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Nei Jin ( Internal Power )

by Great Grand Master Kellen Chia

Saturday December 05, 2009

Nei Jin, which literally means internal power, is the culmination and unification of refined Chi and cosmic Chi in the body that one strives to accomplish in the Internal Practice. The Chinese character of Jin, sometimes pronounced Jing, is different to the Jing that refers to the sperm / ovary energy, or vital essence, that everyone has in their physical body ( often called Pre-birth Chi because it was given to us from our parents ). Nei Jin is a precious and supreme power that produces not only excellent wellbeing but also superior Tai Chi performance. Nei Jin transcends the limits of both a physical body's power and the body's Chi power. [ It is the highest attainment using the full capacity of the human body's physical, mental and spiritual energies. ] Most Tai Chi practitioners throughout the world have never heard of Nei Jin in Tai Chi and very few practitioners have only a vague understanding of Nei Jin even though they may have practised Tai Chi for decades. This author hopes to explain the intricate subject of Nei Jin in such a way that everyone can comprehend and absorb. This article goes into remarkable depth, whereas until now there has been almost nothing written about Nei Jin in either Chinese or English. It is also extremely unlikely that any book or article that does go into detail shows a true grasp of the subject; the author must achieve great Nei Jin before being able to explain the wisdom, knowledge and experience of the subject in vivid language.

Amongst other great benefits Nei Jin allows one's Tai Chi to reach to truly the highest level. Other than achieving advanced Nei Jin, there is no technique, method and training, etc. that can accomplish the absolute highest level of Tai Chi. Only very few people have achieved Nei Jin. When Nei Jin is present in Tai Chi that means one has progressed to a high level of Tai Chi. At a low to medium level of Tai Chi one has Tai Chi Jin / soft Jin, which is Tai Chi power using predominantly Chi rather than muscle power. The low level of Tai Chi ( which most mistakenly think is advanced Tai Chi ) is little more than a dance, it being empty and the health benefits similar to that of just taking a walk. This is very common. Nei Jin makes the whole body tremendously sprightly. There can be the degrees of Nei Jin in terms of its power. When strong Nei Jin is achieved it renders a powerful feeling inside the body; this feeling is dissimilar to the feeling of muscular strength - of being "pumped up" - that is obtained from Western / External Exercise. When Nei Jin is present during Tai Chi practice, it vibrates in the body. Historically, supremacy of Nei Jin has been extremely rare even amongst the Tai Chi grand masters because it requires the deepest knowledge, thoroughly profound skill and practices that are extremely difficult to achieve.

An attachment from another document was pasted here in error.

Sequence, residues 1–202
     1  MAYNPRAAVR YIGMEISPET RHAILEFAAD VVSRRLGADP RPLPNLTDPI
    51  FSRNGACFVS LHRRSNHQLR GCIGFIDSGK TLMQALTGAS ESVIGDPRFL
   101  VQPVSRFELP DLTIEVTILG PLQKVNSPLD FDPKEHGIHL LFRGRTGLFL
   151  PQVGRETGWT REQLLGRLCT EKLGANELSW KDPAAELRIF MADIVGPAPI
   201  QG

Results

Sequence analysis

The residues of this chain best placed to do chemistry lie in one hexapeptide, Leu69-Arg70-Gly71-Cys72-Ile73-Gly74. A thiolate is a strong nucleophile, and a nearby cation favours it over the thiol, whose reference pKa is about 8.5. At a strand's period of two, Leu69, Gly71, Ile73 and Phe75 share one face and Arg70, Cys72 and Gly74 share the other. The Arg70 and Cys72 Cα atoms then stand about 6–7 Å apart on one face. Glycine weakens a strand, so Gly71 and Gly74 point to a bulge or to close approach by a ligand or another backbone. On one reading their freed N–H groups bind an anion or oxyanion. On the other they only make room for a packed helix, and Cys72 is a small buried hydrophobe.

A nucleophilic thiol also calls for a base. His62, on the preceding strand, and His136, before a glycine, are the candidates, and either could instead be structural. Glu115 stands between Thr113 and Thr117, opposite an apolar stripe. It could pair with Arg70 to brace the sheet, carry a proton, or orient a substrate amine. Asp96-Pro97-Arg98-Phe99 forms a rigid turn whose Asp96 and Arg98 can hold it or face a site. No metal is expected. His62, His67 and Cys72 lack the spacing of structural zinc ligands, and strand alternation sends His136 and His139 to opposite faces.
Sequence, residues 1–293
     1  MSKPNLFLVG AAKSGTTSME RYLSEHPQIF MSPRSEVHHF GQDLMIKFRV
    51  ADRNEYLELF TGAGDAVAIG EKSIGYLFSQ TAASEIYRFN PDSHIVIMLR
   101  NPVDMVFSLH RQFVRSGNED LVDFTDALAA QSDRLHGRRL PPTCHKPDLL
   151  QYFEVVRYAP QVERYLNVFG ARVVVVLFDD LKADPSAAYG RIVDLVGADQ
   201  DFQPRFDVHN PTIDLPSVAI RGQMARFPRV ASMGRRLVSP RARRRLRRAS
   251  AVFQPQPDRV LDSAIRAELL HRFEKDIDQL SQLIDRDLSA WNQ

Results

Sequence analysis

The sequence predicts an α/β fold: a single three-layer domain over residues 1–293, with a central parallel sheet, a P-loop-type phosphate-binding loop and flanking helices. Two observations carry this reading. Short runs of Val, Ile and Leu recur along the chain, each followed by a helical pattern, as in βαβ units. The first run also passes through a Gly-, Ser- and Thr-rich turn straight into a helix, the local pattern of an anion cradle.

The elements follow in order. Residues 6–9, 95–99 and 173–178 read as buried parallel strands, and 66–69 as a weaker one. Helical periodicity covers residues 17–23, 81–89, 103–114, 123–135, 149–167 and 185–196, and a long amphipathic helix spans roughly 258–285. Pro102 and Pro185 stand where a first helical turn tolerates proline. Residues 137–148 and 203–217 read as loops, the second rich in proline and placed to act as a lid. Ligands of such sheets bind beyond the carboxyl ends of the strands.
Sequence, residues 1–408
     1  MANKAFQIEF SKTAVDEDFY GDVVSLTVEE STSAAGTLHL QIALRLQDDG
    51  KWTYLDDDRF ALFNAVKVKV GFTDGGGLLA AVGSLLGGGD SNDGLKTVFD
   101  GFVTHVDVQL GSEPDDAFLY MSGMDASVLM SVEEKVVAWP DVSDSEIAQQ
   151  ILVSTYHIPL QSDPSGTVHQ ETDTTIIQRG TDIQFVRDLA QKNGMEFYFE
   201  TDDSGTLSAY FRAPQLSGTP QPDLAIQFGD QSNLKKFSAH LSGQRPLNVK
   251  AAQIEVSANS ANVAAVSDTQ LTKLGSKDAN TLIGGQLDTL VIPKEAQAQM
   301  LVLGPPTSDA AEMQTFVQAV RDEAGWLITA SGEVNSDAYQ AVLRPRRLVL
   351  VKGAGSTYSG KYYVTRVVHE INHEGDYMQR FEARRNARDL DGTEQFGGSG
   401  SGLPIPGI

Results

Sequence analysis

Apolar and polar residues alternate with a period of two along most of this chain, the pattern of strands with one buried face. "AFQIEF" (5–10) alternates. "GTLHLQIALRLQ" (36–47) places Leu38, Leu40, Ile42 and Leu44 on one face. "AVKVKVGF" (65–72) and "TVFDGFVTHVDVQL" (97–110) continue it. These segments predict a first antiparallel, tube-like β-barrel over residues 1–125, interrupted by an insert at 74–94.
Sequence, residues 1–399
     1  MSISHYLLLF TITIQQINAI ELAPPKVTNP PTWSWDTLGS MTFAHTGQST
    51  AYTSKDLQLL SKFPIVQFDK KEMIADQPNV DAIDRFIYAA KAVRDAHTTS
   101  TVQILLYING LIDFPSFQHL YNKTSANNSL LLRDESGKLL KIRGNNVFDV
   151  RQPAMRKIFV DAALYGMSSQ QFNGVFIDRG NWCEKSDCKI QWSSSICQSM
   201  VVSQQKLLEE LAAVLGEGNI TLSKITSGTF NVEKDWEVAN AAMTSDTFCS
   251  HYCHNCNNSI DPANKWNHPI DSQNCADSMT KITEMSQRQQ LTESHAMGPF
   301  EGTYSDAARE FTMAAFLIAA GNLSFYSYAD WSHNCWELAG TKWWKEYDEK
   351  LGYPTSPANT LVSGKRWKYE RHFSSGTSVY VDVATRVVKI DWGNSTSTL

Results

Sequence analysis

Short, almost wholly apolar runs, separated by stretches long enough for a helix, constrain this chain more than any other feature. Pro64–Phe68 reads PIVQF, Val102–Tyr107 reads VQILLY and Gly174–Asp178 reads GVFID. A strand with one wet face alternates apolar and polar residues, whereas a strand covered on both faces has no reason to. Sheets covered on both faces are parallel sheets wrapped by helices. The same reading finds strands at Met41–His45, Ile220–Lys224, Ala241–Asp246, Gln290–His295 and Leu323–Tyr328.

Nei Jin can be attained only from comprehensive Internal Work ( Internal Exercise ): the enhancement of the inner being through meditation, Qigong meditation, and also practising Tai Chi or other internal art forms CORRECTLY. Note, though, that certain internal martial arts can not cultivate Nei Jin. Most Tai Chi practitioners who have heard of Nei Jin mistakenly think that by practising Tai Chi and exercises complementary to Tai Chi - such as pushing hands, standing meditation Qigong, etc. - they will eventually accomplish Nei Jin. But alone these exercises are incomplete: they must be accompanied by inner being practice. The inner being practice is the most important of all the internal practices in achieving Nei Jin. The inner being encompasses all aspects of the consciousness that includes the subconscious mind, outer self, and all the other "unconscious" parts of the mind. The inner being is also the soul and is the complete consciousness. However, most of the Internal Work aspects of Tai Chi that help produce Nei Jin are commonly overlooked in most Tai Chi schools because most teachers have no or very little knowledge of the subject, and of the remaining few most have only a low level of Nei Jin. [ Note that certain practices commonly incorporated in Tai Chi make achieving Tai Chi Nei Jin impossible. Also, how one practises exercises complementary to Tai Chi - such as meditation Qigong, pushing hands, etc, - is a determining factor to one's level of Nei Jin in Tai Chi. There are other aspects, such as certain emotional energies, that prevents the progress beyond a low level of Nei Jin. Therefore, to one who has a high level of Nei Jin it is clear when another practitioner has not achieved Nei Jin or has achieved only a low level. ] Unfortunately the remaining few in the Tai Chi community today consider Nei Jin to be a secret that should be passed on only to worthy and trusted students. Most systems of Tai Chi therefore teach no more than movement and principles such as relaxation, softness and body alignment.